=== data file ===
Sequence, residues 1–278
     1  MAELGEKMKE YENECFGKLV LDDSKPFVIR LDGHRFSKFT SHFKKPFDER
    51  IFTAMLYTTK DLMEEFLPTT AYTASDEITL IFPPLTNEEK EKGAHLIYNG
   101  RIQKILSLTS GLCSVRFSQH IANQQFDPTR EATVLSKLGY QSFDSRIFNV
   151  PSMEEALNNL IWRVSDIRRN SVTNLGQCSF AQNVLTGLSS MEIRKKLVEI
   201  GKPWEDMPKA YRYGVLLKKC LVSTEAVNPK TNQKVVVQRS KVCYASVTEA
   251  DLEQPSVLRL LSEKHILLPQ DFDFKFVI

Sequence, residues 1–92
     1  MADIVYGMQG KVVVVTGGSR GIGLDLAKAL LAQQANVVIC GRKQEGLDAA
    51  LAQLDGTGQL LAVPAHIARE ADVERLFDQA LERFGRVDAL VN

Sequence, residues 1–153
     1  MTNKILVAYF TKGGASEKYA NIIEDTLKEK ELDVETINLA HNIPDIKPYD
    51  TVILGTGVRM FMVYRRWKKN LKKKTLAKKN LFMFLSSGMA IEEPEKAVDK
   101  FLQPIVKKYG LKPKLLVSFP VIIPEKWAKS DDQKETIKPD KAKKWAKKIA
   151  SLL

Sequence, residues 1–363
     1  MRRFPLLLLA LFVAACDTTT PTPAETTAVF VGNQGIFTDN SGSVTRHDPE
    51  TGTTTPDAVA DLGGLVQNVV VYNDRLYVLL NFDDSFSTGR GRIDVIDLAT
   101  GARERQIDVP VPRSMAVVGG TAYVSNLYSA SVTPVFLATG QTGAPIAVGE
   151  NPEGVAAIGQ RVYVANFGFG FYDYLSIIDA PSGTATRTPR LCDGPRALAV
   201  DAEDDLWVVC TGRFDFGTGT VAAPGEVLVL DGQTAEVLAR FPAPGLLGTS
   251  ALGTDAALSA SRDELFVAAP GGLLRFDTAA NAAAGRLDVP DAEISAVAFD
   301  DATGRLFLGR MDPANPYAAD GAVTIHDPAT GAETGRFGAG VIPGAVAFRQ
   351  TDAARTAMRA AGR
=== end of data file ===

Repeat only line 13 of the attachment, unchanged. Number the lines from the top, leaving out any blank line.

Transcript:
    51  TVILGTGVRM FMVYRRWKKN LKKKTLAKKN LFMFLSSGMA IEEPEKAVDK